I do know the impact my actions have left,so I ask you to try not to judge me off of what is written but by the unpredictable forces of life youth alcohol and a innocent person.I ask to be forgiven by the family friends husband and community affected by this,will forgiveness be granted?This is a unknown chapter but I am truly sorry for what I did and pray that when the time comes and you can find the compassion inside your heart to forgive me I will be waiting and embracing the forgiveness of everyone.
    In closing I want to express that I will be apologizing for the rest of my life for this.I will work hard everyday,every month and every year to redefine myself to become a better person and allow my mistake to propelle me into a positive individual who can teach and just be known for the worst thing I ever done in life..

    Sincerely,Olujimi Blakeney

    • brucesmith49 says:

      That’s a wonderful acknowledgement and apology, Olujimi. Congratulations on being able to make it.

      I suppose the next chapter of your story is being written – the element of forgiveness. You are clearly asking for it here, and I will endeavor to discover whether it is forthcoming. Have you been able to make contact with the family?

      At the very least, you have my forgiveness. You always had it, for I know the kind man you are at heart. The forgiveness I am working on are for the harsh attitudes of the folks who sought vengeance and revenge in your sentencing.

      • jay and olujimi says:

        Thanks so much @brucesmith49 yes Olujimi is doing well for the most part and is working on just getting his story out that he didn’t mean to hurt anyone it was a tragic lost,on both ends but he is working on himself and accepting full responsibility of his actions.I am his wife and his voice at this time speaking from the bottom of our hearts thanks for reading my husband growing words may God Bless

    • Rachel says:

      To Jamie and OJ, I am rooting for you both and think of you often. This is a beautiful apology.

      -Ms. Boston

  4. jay and olujimi says:

    This Letter is one that must be written. Unforeseen never forgotten is what replays in my mind as well as my heart.
    I never would have imagined that our lives, our two different worlds would meet and create what was created.And for my actions I am sorry.

    What makes this letter so difficult to write is because your not here on this earth to read this or hear it,and this is all due to me.Yes your blood is on my hands and no matter how many times I wash them they will always remain covered with your blood.I never knew you and you never knew me.So if I may I want to introduce myself to you? My name is Olujimi Blakeney and I am the man who is solely responsible for taking your life.

    I am 33yrs old now and at the time of our unforeseen incident I was 25yrs old.I want to apologize truly and sincerely from the bottom of my heart.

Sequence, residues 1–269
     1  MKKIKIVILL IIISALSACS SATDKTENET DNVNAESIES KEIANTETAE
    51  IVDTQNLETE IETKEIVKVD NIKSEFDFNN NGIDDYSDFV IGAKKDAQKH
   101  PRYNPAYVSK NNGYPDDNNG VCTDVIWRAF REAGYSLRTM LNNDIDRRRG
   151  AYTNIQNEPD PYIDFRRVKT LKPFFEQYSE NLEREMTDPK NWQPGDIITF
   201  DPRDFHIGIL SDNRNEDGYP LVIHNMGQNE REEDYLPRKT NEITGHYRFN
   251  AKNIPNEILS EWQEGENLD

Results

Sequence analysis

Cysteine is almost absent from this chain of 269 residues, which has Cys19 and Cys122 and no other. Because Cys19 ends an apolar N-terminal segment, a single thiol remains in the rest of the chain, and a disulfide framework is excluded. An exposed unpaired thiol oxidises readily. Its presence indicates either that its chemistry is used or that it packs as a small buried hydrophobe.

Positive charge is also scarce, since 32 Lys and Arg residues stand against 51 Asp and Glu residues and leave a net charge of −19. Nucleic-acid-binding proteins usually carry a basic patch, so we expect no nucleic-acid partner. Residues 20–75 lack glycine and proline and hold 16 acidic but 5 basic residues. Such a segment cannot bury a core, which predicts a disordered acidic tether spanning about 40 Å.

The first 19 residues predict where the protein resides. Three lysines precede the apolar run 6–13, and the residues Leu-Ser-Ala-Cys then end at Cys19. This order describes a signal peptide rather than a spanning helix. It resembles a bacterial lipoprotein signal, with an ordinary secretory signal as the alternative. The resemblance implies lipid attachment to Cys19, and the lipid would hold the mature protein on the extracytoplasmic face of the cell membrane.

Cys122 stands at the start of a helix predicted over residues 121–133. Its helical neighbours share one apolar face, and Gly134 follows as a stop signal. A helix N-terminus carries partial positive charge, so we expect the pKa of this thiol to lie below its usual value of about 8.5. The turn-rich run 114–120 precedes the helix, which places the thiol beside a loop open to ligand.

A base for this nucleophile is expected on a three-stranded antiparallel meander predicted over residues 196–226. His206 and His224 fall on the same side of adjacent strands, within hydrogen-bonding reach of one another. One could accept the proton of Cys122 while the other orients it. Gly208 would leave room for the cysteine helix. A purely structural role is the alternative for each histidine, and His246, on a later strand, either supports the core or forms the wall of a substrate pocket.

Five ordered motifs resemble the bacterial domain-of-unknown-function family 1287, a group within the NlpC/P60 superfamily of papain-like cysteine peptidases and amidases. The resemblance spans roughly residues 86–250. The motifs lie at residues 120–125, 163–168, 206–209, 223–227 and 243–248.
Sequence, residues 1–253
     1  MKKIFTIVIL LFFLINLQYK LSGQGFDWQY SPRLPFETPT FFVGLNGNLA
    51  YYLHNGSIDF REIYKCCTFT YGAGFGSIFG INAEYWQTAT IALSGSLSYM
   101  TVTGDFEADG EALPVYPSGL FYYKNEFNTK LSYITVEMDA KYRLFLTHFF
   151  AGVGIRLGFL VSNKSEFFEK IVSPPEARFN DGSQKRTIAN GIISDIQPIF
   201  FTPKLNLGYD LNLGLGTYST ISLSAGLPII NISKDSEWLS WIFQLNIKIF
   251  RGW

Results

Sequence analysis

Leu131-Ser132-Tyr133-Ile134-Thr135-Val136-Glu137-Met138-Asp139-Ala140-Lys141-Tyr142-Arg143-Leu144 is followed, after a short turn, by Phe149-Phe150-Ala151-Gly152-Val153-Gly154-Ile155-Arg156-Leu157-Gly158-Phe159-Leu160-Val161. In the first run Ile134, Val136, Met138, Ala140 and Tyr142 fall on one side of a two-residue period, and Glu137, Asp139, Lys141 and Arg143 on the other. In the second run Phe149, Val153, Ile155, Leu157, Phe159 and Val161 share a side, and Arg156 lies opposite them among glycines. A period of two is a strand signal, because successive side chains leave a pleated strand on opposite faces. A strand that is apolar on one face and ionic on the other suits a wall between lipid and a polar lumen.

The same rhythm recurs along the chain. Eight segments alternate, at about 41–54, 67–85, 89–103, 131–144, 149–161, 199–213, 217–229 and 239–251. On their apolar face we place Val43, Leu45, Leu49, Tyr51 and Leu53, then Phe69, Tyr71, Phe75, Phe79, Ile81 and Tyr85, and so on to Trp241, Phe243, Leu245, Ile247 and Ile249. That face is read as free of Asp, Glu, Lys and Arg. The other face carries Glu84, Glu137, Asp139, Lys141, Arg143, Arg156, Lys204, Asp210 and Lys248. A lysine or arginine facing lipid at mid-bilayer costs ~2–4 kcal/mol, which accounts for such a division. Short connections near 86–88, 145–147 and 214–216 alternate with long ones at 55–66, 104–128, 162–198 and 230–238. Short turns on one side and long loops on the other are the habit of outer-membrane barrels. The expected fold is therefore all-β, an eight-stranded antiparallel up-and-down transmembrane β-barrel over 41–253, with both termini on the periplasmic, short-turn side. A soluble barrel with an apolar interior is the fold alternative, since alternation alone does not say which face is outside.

That terrible night my actions of firing a gun out a car window was completely immature,dumb,stupid and wrong.So wrong I took your life.
    A complete accident.

    I want to say that I pray every night to be forgiven for what I did.By you, your husband,your family,your friends and the community you and I both lived in.
    my heart is extremely heavy because of what I did.I am ashamed of my actions.To have a beautiful name but associated with this name is the title of a murderer. And I must say and express that I take full responsibility for this,yet I want you to know that I am a new man,changed man,a caring thoughtful and most of all a very apologetic man.

    What I did can never be undone, what I am saying may not do anything,but I want to say that I want to be better for you and myself.I will continuously strive for change in my life and forgiveness.
    I end with this. Lisa I am so so sorry for what I did,taking you away from so many people. And I will continue to say I am sorry for the rest of my life,its the least I can do.
    To Lisa,
    Olujimi Blakeney!

  5. brucesmith49 says:

    Thank you, Jay, for introducing yourself to us. I was wondering how Jimi could get access to a computer in prison. Then I read that the postings were from a “Jay and Olujimi.”

    I would love to chat with you and learn more about Jimi and his life, and yours. You up for that? Best way to get in touch is email: brucesmith@rainierconnect.com.

    Again, congratulations to Jimi and you for “manning-up” on this murder. How can we contact Jimi? Can we write him?

    In the meantime, please let him know that I don’t think of him exclusively as “Olujimi Blakeney, Murderer.” That is only one part of his identity, and it is clear to me that he is learning mightily from his past.

    • jay and olujimi says:

      Thank u so much,Yes u can contact him at Washington Corrections Center
      P.O Box 900 Shelton Wa,98584 inmate #854286

  6. Terence says:

    Growing up,
    In this world, we as people, fall short of Gods glory.But as humans, we make mistakes that hurts any and, all people.But we must understand, that everyone that makes mistakes, man or woman and who are strong enough to say im sorry for there actions, must have found peace in the world and themselves.

    • brucesmith49 says:

      I agree with you, Terence. Thanks for posting.

    • Terence says:

      Thanks brucesmith49. Never one to pull the race card, but black men and women is killed or murder,everyday by white people, or white police officer or whites who kills black people by accident cause they was afraid in there car or their pouches or cause he had a hoodie on (famous). Nothing matters when it comes to crimes that is black on black or white on black we all know that………

      • brucesmith49 says:

        Sad but mostly true, Terence. I trust that your words, these articles, and Olujimi’s apology bring a bit more humanity and relief to the tensions in the world.

  7. Pingback: Apology offered for a 2010 drive-by murder – from Jimi Blakeney to Lisa Melancon | The Mountain News – WA